Prof. Reuven Dar of Tel Aviv University’s Department of Psychology suspected this particular link from astute clinical observations. This comprehensive study, only one of its types so far, followed and provided a proof of “direct correlation” (always with a pinch of salt! See my posts on the correlation fallacy in medicine) between our sensory processing and ritualistic behaviours. Their hypothesis is that when children experience heightened levels of sensitivity, they develop ritualistic behaviours to better cope with their environment. When children are extremely sensitive to certain types of touch or smell, they can feel that they are being attacked, or that their environment is threatening them. Ritualism could develop as a defence mechanism, helping these children to regain a sense of control, which is also a symptom of adults with OCD. So in the long term, this is one “potential” pathway to OCD. Simplistic, but a logical hypothesis. Always a good sign.

To prove this hypothesis this group devised two studies to map the connection between sensory processing, rituals, and OCD. In the first, parents of kindergarten children were asked to complete three questionnaires on their child’s behaviour:

1. Their level of ritualism, such as the need to repeat certain acts or to order objects in a particular way.

2. Their level of anxiety, with questions relating to reaction to strangers, worrying about outcomes of events, and attachment to family members.

3. Their reactions to everyday sensory events such as being touched or exposed to unusual tastes or smells.

In the second study, 314 adults answered an online survey of their OCD tendencies, their anxiety levels, and their past and current sensitivity to taste or touch.

In children, hypersensitivity was an indicator of ritualism, whereas in adults it was related to OCD symptoms. However all children have particular habits and preferences, and they’re not all precursors to OCD. Also, age is a factor. A habit exhibited by a five or six-year-old is not necessarily a predictor of OCD. If the same behaviour continues to the ages of eight and above, it could be a warning sign, especially if accompanied by anxiety or distress. As a whole, these findings provide preliminary support for the idea that such sensitivities are a precursor to OCD symptoms.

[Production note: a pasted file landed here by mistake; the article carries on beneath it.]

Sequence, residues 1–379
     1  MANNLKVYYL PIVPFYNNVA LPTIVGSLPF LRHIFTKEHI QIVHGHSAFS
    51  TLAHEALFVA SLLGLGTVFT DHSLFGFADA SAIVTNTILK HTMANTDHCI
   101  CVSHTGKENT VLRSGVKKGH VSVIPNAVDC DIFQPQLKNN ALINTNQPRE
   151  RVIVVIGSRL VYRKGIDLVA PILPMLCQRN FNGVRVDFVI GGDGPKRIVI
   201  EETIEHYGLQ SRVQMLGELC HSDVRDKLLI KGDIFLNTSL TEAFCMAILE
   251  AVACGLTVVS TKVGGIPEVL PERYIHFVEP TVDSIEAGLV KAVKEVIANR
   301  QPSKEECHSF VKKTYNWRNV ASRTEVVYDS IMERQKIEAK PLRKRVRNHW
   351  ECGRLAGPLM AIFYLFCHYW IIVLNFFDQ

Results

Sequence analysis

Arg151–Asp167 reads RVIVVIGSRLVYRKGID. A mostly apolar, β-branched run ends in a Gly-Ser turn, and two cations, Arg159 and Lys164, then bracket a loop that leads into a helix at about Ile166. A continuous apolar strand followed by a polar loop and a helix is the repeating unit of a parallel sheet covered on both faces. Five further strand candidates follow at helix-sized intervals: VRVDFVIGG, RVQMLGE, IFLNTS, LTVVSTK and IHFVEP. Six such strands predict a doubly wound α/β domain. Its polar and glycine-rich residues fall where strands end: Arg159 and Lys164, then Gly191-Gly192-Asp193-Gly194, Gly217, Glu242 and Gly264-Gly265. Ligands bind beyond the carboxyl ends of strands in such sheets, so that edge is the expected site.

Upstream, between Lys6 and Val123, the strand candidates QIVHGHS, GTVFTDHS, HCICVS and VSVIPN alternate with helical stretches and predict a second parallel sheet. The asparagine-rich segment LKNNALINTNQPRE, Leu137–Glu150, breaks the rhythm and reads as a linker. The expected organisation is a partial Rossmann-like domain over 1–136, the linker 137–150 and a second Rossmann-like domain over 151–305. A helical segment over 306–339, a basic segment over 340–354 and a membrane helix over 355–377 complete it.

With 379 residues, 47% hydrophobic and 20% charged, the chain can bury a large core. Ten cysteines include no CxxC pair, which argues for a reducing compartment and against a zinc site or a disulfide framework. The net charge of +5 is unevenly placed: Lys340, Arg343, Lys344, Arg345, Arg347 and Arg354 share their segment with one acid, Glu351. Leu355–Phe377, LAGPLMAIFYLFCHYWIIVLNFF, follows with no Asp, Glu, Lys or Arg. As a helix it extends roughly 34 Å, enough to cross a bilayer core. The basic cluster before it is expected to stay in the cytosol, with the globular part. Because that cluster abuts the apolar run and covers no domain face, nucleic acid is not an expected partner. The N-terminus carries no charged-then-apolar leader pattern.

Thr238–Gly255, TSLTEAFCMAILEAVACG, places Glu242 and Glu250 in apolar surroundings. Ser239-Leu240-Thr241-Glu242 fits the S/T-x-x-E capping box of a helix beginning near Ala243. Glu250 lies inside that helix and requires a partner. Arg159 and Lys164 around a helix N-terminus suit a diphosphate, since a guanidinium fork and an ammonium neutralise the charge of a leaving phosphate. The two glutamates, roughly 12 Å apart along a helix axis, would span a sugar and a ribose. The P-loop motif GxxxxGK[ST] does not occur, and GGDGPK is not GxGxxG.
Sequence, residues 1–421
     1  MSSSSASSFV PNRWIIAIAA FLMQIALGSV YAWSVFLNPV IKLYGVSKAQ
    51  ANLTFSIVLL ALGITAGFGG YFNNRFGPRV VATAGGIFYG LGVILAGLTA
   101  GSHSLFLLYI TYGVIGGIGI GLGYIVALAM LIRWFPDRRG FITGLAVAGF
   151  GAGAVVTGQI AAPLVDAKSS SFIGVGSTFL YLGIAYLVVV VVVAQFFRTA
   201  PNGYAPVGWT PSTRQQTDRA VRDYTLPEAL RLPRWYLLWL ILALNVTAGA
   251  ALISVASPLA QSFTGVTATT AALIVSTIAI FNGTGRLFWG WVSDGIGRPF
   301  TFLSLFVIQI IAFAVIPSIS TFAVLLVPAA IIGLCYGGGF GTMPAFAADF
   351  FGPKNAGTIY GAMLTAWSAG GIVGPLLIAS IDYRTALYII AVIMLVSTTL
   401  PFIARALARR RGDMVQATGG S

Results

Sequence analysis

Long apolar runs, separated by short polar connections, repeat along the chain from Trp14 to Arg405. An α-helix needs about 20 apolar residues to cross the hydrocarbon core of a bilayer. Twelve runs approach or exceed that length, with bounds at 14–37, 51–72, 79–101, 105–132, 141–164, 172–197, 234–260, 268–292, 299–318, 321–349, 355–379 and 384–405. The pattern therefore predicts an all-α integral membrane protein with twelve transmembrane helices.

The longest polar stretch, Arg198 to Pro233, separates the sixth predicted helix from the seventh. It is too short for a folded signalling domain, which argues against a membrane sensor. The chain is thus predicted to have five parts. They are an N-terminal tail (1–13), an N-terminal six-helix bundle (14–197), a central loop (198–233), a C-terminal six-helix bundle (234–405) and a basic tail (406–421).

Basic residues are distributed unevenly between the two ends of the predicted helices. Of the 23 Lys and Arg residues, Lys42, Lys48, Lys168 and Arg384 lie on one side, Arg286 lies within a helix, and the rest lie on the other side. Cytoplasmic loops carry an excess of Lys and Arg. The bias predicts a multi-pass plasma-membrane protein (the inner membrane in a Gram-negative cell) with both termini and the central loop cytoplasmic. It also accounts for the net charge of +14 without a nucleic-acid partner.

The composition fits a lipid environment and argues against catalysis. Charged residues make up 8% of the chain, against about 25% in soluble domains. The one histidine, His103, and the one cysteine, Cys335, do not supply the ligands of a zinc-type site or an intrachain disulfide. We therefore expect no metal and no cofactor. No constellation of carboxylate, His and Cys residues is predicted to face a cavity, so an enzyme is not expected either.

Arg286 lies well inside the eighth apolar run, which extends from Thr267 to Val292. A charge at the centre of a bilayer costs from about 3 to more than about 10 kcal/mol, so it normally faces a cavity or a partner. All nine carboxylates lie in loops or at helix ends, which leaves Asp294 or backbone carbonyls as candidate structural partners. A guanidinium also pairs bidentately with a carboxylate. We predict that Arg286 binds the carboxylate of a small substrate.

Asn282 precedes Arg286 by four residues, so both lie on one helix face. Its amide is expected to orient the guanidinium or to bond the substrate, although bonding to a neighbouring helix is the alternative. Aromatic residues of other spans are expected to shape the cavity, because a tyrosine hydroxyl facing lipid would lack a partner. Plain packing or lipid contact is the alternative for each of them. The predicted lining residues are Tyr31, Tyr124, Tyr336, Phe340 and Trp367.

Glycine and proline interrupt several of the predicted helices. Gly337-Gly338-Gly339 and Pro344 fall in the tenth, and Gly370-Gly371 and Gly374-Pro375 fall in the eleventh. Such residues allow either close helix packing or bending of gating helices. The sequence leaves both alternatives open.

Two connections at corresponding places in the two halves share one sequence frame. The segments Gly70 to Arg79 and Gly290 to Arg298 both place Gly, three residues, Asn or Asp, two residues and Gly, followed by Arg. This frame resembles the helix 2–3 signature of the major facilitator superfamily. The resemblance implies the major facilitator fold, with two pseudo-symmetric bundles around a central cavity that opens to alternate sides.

Obviously, this is just a single study supporting a lone idea and there are plenty of ideas doing their rounds in the field of pathogenesis of OCD. I would wait for validation from future longitudinal trials before drawing my conclusions. However this study did provide me with a lot of food for thought. It made me to focus on some fundamental but unanswered questions in the development of OCD i.e. what are the factors which would tip a ritual into compulsion, could there be a way to identify the turning (tipping) point in development of OCD and when/how does it happen in the lifecycle of OCD? As a clinician, I think that now I would be more inclined to explore such areas in a greater detail while assessing someone’s OCD. And for the budding researcher inside me, it highlighted just how important it is to keep research work rooted in direct clinical observations. Not doing that would run the risk of alienating the ordinary clinicians like me, who is trying to deal with the ever-growing burden of information by learning to ignore the stuff that isn’t a systematic review of meta-analyses!